The Expanding Treatment Paradigm for Urothelial Carcinoma - Episode 8

Clinical Scenario 1: A 73-Year-Old Man With Metastatic Urothelial Carcinoma

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The panel reviews a clinical scenario of metastatic urothelial carcinoma where the patient is not eligible for cisplatin treatment.


Petros Grivas, MD, PhD: I have a second case for you, and I’m going to briefly discuss it. It’s a little different from the previous scenario. A 73-year-old gentleman has hematuria. A CT scan showed a 3.4-cm tumor in the bladder. Sadly, there were lung metastases. He had an ECOG PS [performance status] 1 with no significant neuropathy, but this patient has hearing aids with grade 3 hearing loss. The creatinine clearance is 40 mL/min, which is definitely lower than 60 mL/min. It makes you wonder if this patient is going to get cisplatin with grade 3 hearing loss and a creatinine clearance of 40 mL/min. PD-L1 CPS [combined positive score] is 10. Genomic sequencing, which we do with all patients with that disease, showed that there was no mutation or fusion in FGFR2 or FGFR3. Cora, any comments on how you’d manage this patient.

Cora Sternberg, MD, FACP: I give cisplatin more liberally perhaps than in the Matthew Galsky criteria. But this patient has a creatinine clearance of 40 mL/min, so I wouldn’t give it to him. He also has hearing loss, so he has at least 2 reasons why he would be cisplatin ineligible.

This patient has 2 options. You could start with gemcitabine-carboplatin followed by avelumab maintenance. If you think that he couldn’t tolerate chemotherapy, the other option is to give him immunotherapy with pembrolizumab or atezolizumab up front. He’s not eligible for erdafitinib because he doesn’t have an FGFR mutation.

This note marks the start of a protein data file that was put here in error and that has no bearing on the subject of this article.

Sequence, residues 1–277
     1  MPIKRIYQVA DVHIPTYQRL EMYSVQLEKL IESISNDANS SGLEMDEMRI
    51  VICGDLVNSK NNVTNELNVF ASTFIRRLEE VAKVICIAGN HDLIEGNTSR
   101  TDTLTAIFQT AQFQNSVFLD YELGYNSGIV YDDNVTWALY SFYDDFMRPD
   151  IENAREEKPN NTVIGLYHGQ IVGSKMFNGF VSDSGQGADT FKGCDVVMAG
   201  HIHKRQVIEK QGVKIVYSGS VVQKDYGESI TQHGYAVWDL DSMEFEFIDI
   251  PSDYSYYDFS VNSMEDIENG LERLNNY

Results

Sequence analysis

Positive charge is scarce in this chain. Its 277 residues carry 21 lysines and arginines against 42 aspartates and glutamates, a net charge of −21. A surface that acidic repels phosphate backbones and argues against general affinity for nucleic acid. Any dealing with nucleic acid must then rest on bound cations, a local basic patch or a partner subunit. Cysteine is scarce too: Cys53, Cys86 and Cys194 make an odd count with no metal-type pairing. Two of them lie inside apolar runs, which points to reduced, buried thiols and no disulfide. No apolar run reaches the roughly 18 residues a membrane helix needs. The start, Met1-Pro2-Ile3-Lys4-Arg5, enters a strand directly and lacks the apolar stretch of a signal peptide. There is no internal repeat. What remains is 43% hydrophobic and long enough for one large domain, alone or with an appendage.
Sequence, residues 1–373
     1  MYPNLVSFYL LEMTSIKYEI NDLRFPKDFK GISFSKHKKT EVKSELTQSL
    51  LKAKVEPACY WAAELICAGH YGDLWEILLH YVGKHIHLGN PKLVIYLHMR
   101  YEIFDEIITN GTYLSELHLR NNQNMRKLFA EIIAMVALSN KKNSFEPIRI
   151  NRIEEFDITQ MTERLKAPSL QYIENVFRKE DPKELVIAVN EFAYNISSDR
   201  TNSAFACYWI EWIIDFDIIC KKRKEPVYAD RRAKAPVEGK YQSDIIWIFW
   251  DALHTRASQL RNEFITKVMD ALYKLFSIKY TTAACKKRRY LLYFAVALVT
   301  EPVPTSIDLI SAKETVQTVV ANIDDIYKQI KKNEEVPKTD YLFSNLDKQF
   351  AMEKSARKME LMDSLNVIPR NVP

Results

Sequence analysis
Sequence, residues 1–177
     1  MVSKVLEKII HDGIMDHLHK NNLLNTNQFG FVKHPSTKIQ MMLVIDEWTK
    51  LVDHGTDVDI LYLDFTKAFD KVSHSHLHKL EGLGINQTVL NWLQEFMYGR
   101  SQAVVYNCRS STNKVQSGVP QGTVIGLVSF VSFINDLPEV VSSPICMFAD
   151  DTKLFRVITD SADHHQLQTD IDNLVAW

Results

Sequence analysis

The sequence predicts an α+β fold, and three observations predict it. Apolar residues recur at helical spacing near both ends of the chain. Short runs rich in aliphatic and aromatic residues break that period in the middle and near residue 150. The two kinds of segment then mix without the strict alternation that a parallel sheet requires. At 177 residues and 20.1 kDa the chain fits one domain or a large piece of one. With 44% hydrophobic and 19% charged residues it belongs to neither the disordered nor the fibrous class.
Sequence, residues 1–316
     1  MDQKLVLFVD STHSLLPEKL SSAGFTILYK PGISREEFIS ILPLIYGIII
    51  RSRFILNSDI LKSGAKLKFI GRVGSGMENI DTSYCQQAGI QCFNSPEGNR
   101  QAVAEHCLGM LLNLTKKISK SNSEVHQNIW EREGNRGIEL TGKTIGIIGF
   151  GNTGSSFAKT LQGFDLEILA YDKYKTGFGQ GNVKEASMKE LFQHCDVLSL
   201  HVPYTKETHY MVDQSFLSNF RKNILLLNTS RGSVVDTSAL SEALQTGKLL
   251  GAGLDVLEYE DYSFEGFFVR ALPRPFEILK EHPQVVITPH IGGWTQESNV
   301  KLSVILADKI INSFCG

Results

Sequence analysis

Petros Grivas, MD, PhD: Would that change if the patient had an FGFR mutation? Would you do exactly the same thing in the frontline setting?

Cora Sternberg, MD, FACP: I wouldn’t give erdafitinib in the frontline setting in any case.

Petros Grivas, MD, PhD: I totally agree. We don’t have enough data. Carboplatin-gemcitabine followed by avelumab maintenance is a very reasonable strategy.

Srikala Sridhar, MD, MSc, FRCPC: I completely agree. The only other thing I was going to mention is that sometimes it’s helpful to get your urologist or nephrologist involved because that kidney function may be a function of obstruction. There may be a way to improve kidney function before starting chemotherapy. It may allow patients to get gemcitabine-carboplatin, for example, when you think they can’t. I agree. I’d give gemcitabine-carboplatin in this setting. We don’t have the approval of frontline I/O [immuno-oncology], so more people get gemcitabine-carboplatin—which isn’t a bad thing—followed by something like avelumab.

Cora Sternberg, MD, FACP: It’s very important to make sure patients don’t have hydronephrosis and don’t need to have stenting or percutaneous nephrostomy. But this patient does have hearing loss, and I don’t think they can fix that as easily. I don’t think it’s a patient for cisplatin in any case. I agree with working with the urologist closely to evaluate it.

Petros Grivas, MD, PhD: That’s a great point. If you take the hearing loss away, if someone has an obstruction with hydronephrosis, can you put in a nephrostomy tube to compress the kidney, optimize the GFR [glomerular filtration rate], and potentially give cisplatin in that different scenario? Even in the neoadjuvant setting, I prefer a nephrostomy tube vs a stent because there’s a very small risk of upper-tract seeding with stents in localized disease settings. I use nephrostomy tubes to optimize kidney function in the neoadjuvant setting as well.

Transcript edited for clarity.